Loyalty is the next of the three main attributes of Employeeship. Just to keep things in perspective, those in the same organisation are on the same team. They all benefit when the team wins. They should all be playing for the team to win. Right?
Have you ever heard a manager or an employee in your organisation speak openly and negatively, even destructively, about another person on the team, the team manager or another department of the organisation?
Loyal employees are united in public and have their conflicts in private
I was in a meeting with a group of managers. The team leader was sitting at the head of the table. He asked one of the other team members a question. The team member said that she had no comment. Just as the team leader looked away, the team member rolled her eyes in a very disrespectful way. Her body language clearly showed how she felt about being asked a question by the team leader. This made me and others in the room feel uncomfortable.
There is a saying, “Don’t hang out your dirty linen in public.” In short, in the words of Chris Wilson, MD of T-Systems Malaysia, “Be united in public, keep your conflicts in private.” This is very sound advice that was not adopted by the team member just mentioned.
A loyal employee does not look through life through rose-coloured glasses. This person may make constructive criticism, and may have vigorous debates at team level. But the loyal employee keeps the nature of the debates within the organisation or department. And once team decisions are made, the loyal employee will follow through.
A dis-loyal employee, on the other hand, engages in back-biting discussions about his or her boss, colleagues, other departments or the organisation that pays their wages. These discussions spread negativity. A loyal employee, when faced with this type of conversation, would take a responsible attitude and ask what could be done about the situation.
Initiative is the third element of Employeeship. Initiative is about going from idea to action, from talking to walking, from intention to behaviour. Many people are good at coming up with ideas, with talking, and many have good intentions. Initiative is displayed when the ideas are converted to action, when the talk is backed up by the walk and when the intention is converted to tangible behaviours.
People with Initiative walk the talk, go from ideas to action, go from intention to behaviour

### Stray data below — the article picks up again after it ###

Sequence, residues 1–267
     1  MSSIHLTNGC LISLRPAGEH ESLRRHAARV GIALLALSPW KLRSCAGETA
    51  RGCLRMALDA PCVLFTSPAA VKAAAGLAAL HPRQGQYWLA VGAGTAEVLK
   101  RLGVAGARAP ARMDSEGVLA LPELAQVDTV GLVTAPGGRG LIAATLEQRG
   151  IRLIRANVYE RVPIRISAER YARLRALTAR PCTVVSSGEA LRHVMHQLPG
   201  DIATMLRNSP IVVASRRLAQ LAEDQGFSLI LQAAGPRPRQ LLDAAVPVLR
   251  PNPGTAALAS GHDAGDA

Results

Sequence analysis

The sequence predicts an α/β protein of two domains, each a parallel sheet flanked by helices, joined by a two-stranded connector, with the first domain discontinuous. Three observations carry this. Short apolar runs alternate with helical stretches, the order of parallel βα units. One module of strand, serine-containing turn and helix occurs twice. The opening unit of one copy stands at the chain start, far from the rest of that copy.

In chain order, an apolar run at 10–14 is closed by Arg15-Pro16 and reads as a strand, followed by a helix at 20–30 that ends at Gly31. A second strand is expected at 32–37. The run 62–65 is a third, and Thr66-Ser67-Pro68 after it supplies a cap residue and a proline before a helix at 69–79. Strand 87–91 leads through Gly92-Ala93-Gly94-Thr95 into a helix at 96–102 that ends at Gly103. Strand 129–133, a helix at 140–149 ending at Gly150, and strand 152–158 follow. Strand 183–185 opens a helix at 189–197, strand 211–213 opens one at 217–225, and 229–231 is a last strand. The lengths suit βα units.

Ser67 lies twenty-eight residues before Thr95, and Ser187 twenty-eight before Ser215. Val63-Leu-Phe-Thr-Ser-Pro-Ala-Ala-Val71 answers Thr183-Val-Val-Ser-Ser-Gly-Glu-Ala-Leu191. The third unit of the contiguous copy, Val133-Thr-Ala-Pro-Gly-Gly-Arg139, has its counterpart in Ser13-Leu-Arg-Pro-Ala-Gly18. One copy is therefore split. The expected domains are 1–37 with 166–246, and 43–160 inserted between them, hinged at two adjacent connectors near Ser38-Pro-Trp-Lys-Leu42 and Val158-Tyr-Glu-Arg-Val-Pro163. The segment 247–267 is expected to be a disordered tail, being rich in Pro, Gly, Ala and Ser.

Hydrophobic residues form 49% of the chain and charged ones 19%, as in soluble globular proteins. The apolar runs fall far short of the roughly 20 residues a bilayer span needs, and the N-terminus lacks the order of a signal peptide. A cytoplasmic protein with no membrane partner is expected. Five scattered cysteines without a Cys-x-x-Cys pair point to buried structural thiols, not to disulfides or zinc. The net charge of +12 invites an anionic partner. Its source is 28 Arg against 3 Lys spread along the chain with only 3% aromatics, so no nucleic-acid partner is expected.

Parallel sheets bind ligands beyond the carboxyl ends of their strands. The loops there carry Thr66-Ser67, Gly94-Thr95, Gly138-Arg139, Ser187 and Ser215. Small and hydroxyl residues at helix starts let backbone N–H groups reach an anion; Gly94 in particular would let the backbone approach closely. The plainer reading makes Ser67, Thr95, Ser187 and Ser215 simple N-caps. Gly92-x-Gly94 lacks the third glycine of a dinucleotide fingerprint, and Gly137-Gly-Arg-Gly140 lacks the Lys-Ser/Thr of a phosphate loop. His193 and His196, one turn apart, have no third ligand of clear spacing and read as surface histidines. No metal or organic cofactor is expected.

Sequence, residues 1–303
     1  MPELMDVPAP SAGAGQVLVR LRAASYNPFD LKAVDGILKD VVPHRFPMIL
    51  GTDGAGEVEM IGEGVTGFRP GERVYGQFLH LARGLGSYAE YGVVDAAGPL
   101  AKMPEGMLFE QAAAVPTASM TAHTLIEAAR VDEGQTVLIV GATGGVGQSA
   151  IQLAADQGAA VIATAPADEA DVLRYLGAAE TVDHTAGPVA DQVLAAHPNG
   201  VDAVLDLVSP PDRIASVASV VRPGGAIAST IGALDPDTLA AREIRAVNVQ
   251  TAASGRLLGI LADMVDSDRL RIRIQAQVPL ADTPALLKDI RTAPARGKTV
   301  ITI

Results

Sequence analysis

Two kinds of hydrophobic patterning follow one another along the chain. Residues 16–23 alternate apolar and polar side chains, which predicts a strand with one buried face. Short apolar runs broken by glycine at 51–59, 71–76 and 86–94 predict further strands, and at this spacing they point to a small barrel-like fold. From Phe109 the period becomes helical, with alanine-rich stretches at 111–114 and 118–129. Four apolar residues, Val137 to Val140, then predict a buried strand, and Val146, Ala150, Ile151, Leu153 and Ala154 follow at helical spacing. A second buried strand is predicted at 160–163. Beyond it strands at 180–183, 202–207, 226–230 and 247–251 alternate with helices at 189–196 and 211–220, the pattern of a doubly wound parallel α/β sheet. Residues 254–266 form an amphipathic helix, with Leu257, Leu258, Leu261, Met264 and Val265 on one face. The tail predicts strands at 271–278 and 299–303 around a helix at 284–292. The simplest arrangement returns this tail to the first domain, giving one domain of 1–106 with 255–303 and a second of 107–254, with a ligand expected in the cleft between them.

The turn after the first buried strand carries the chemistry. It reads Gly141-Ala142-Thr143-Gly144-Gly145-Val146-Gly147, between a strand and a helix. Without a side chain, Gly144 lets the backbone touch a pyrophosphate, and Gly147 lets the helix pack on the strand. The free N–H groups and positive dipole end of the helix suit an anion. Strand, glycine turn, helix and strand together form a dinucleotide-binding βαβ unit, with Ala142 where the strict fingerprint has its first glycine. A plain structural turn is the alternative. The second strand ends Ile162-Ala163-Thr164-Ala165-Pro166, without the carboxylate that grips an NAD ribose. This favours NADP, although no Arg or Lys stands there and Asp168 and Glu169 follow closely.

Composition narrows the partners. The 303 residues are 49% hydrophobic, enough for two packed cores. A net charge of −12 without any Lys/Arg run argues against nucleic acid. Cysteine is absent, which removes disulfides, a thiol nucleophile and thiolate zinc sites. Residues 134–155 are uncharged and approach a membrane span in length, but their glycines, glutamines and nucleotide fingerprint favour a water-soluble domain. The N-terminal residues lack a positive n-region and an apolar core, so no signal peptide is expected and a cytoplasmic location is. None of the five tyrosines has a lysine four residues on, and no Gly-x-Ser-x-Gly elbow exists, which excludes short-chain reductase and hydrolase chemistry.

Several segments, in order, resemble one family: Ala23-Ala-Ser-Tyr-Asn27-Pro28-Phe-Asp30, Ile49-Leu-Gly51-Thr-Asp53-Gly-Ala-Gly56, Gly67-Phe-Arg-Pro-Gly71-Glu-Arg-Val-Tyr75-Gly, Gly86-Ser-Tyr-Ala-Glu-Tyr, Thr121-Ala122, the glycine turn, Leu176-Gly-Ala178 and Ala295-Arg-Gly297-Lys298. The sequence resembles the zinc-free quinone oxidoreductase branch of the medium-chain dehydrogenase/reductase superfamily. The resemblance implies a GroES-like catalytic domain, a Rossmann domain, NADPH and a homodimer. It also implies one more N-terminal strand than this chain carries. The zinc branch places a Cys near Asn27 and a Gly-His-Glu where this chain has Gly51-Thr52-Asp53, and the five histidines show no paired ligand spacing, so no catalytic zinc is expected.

Initiative cannot be achieved without a certain amount of responsibility and loyalty. Initiative is about action and implementation of ideas. People with initiative put their hands up and say, “I will help!” Have you ever been in a team of people who come up with ideas, but when volunteers are sought to implement the ideas, people seem to be too busy? You will find that it is a small group of people who volunteer to follow through.
There are a number of pre-requisites to people and teams displaying Initiative in the workplace. There must be well-known and accepted goals, a willingness to take risks and an acceptance of mistakes, even failures. I have witnessed companies that want to promote an innovative culture, but fear has been a major barrier. A key reason for the fear is the words that are uttered by managers when things go wrong. A fear culture, leading to lack of Initiative and a lack of innovation, is created when the management’s reaction to a mistake is to ask, ”Who is responsible?” Initiative will grow in the organisation if the question was changed to, “How did this happen…and what can I do to help?”
In many organisations, it is still believed that only the managers should take the initiative. In an Employeeship organisation, everybody, both managers and staff, take the initiative. A client of mine told me of a person who showed initiative by suggesting a new job completion checklist that would make it easier for people in the section to deliver a quality service. This person not only came up with the idea, she followed it through. This behaviour is typical of this employee who, clearly, displays Employeeship behaviour in the workplace.
Members of professional sporting teams, e.g., English Premier League football, naturally display Employeeship behaviour. They play for the team to win. The defenders are ready to support the strikers whenever needed. They don’t stop once the ball has been cleared from the opponent’s half. Now replace the colours of that team with your company colours and logo. Just imagine yourself in an Employeeship culture where every employee is playing the game to win for the whole organisation, where everyone is supporting each other to achieve the common goal. Just imagine the impact if every member of the team took responsibility, was loyal to the team and showed initiative. What difference would this make to the performance and culture of your organisation? Just imagine how many more goals this culture would help you score.